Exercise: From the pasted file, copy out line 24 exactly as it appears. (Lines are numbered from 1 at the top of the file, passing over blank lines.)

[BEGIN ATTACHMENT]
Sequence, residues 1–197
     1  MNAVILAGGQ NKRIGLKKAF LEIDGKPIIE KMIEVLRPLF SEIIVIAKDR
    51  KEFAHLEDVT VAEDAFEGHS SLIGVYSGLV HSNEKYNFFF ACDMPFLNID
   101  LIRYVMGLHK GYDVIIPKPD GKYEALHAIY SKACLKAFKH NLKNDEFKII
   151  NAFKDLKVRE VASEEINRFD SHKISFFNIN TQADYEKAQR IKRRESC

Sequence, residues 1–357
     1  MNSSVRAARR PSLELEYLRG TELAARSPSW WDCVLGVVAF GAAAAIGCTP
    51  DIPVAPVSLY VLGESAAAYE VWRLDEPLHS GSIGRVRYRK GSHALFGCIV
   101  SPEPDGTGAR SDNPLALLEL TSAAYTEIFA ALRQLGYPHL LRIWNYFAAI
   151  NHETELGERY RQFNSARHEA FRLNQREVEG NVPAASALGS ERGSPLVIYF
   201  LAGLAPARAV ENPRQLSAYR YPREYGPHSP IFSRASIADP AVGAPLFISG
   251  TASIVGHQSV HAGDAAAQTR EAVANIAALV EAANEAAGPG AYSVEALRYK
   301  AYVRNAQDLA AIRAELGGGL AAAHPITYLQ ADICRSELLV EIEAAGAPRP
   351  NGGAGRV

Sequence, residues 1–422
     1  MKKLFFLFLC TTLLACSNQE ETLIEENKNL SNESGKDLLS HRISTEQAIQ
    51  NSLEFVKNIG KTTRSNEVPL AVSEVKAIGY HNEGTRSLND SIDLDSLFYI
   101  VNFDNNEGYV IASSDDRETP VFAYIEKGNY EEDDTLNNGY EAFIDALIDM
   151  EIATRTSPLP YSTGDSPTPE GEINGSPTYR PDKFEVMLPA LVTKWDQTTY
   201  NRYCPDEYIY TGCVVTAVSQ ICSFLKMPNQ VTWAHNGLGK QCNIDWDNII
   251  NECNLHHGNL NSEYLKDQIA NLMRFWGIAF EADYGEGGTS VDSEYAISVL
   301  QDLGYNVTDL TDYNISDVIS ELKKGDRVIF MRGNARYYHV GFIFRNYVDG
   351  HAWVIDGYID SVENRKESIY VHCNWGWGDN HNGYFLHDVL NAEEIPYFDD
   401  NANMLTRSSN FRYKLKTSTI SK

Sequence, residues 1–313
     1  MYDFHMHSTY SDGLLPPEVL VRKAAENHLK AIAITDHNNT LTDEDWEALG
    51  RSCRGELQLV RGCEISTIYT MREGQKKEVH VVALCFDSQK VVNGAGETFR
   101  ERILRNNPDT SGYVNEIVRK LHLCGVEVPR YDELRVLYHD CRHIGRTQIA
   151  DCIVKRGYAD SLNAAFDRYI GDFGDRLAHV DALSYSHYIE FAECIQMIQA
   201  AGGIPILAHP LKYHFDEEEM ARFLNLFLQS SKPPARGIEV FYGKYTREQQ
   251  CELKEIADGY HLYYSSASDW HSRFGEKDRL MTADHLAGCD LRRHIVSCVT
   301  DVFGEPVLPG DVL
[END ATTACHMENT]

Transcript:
   401  NANMLTRSSN FRYKLKTSTI SK